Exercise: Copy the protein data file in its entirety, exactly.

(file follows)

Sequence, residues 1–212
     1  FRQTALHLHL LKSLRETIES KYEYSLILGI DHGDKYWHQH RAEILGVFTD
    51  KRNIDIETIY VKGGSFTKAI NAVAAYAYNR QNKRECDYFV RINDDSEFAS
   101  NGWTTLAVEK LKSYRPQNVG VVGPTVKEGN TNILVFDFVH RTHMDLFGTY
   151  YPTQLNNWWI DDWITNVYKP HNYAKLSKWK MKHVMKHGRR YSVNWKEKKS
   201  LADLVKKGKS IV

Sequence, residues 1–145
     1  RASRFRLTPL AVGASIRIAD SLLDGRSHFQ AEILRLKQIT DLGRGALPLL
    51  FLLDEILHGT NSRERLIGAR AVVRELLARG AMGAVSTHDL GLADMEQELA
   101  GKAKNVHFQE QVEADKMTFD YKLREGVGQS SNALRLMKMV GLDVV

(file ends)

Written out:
Sequence, residues 1–212
     1  FRQTALHLHL LKSLRETIES KYEYSLILGI DHGDKYWHQH RAEILGVFTD
    51  KRNIDIETIY VKGGSFTKAI NAVAAYAYNR QNKRECDYFV RINDDSEFAS
   101  NGWTTLAVEK LKSYRPQNVG VVGPTVKEGN TNILVFDFVH RTHMDLFGTY
   151  YPTQLNNWWI DDWITNVYKP HNYAKLSKWK MKHVMKHGRR YSVNWKEKKS
   201  LADLVKKGKS IV

Sequence, residues 1–145
     1  RASRFRLTPL AVGASIRIAD SLLDGRSHFQ AEILRLKQIT DLGRGALPLL
    51  FLLDEILHGT NSRERLIGAR AVVRELLARG AMGAVSTHDL GLADMEQELA
   101  GKAKNVHFQE QVEADKMTFD YKLREGVGQS SNALRLMKMV GLDVV